Cultural Reflection

Written 5/15/15

All the kids here wear logos like “Barbie” and “Angry Birds” that are totally American. None of it is even translated and it all is identical to what I see at home. At first I found it comforting, but the more I think about it, the more I find it distubring that my culture is so invasice that it reaches even a small city in Peru. I never considered “Angry Birds” to be of such importance.

In some ways this is like Americans tattooing Chinese characters on themselves when they don’t speak mandarin. But here is seems much more prevalent than all other foreign languages invading American culture combined.

Today I also saw a shirt on a boy on the street that had two thumbs up pointing at his face and under that it said “Dope Sh!t” I really doubt he knew English.

Everything here seems to idolize Americans and, more generally, white people. The manakins, the ads, even the bride and groom figures on top of a wedding cake all feature white people. Every culture has a defined idea of beauty, but I didn’t expect the idea of American beauty to travel with me to Peru.

 

Comments

  1. alexanderwilliams says:

    Very interesting – I noticed this same odd phenomenon when I visited France years ago. There was this weird interest in American culture. For example, the French teenagers I connected with on Facebook would almost always have a picture of some American celebrity as a cover photo or even profile picture. It seemed like they were going for a “cool” factor with things like this and it did not make much sense to me. I was impressed to see how influential our culture really is.

  2. Aaron Bayles says:

    As you travel, you’ll find that American culture is far more pervasive than you might initially think. While I studied abroad in Europe, I was shocked by the number of people, in nearly every country I visited, who were wearing American clothes, with English slogans and sayings. In my opinion, American culture is the most dominant in the world, and I don’t think that’s a good thing. Sure, it means that Americans are generally more comfortable traveling abroad, and it unconsciously comforts us to see familiar things. However, it’s unfortunate to see native culture smothered by American mannerisms and words. It results in a lack of cultural depth and variety, and this overall homogenization is just sad.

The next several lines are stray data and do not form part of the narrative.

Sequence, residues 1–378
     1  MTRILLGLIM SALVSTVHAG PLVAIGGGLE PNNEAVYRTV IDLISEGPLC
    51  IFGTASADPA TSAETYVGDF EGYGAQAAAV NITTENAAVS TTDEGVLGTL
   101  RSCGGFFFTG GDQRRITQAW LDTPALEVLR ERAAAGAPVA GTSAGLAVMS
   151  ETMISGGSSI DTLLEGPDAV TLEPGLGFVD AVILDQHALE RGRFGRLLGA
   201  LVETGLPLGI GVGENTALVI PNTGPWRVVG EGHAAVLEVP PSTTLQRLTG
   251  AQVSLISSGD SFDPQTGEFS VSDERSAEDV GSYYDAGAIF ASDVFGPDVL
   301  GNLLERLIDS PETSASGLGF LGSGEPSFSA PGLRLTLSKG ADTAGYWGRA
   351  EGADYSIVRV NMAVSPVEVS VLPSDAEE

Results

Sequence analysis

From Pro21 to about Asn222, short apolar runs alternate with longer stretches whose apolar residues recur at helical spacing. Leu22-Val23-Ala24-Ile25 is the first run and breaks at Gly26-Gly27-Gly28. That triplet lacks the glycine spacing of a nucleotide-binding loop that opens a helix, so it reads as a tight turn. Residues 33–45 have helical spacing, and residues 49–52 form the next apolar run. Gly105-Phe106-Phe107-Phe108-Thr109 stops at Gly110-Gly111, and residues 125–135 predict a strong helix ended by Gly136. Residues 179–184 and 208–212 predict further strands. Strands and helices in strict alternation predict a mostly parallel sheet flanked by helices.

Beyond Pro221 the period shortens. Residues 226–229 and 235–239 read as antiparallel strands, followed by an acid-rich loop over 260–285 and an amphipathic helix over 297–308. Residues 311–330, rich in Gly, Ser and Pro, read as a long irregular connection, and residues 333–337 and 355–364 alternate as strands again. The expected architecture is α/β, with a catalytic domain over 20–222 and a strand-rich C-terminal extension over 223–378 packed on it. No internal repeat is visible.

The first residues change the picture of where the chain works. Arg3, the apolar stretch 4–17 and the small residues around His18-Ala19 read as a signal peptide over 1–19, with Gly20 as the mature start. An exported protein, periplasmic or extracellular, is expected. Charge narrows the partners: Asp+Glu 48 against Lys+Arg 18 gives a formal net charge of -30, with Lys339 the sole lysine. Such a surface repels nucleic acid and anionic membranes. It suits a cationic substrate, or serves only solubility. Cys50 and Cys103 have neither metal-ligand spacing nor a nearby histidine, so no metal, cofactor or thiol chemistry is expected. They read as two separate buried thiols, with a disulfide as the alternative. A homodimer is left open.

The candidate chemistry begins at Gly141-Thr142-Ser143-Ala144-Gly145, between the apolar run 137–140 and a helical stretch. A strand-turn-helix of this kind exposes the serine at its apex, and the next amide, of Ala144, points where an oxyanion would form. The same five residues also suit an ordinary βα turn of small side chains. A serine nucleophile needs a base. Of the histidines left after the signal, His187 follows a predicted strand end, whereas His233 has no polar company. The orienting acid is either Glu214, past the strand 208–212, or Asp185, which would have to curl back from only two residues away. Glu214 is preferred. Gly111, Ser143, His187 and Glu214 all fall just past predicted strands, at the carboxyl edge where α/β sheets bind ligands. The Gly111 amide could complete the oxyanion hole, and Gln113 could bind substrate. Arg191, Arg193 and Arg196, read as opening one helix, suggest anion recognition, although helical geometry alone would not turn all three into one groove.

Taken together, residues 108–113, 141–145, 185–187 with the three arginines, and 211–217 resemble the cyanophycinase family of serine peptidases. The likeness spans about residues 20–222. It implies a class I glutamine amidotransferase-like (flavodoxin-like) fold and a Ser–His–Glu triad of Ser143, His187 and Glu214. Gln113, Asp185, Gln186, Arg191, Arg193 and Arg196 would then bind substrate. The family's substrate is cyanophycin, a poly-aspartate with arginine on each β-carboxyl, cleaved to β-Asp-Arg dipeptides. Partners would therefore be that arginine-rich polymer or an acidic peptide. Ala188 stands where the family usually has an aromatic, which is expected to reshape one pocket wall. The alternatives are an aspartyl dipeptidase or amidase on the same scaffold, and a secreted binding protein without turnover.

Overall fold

In Spain I was always frustrated to see movie titles or text on shirts that no one had bothered to translate to Spanish. I didn’t go abroad to be surrounded by this “Americanism”! But it’s almost unavoidable in the more developed parts of the world, and even in the less less developed areas. It’s just something that we need to deal with I suppose, though I wish there was some way to stop it.

  3. Thanks for sharing. You got me thinking a lot about what we mean when we talk about cultural appropriation / invasion. I’m only guessing, but just like that kid didn’t know what “Dope Sh!t” meant, I’m not sure the kids with the Angry Birds jacket have ever played the game. Does it count as cultural invasion if people are choosing to wear these things just because they’re associated with the States and they have no idea what the thing actually is? In my mind, in order for a cultural invasion to be successful, you’d have to actually get those kids playing Angry Birds and saying “Dope Sh!t” to one another, not just wearing the jacket as a status video.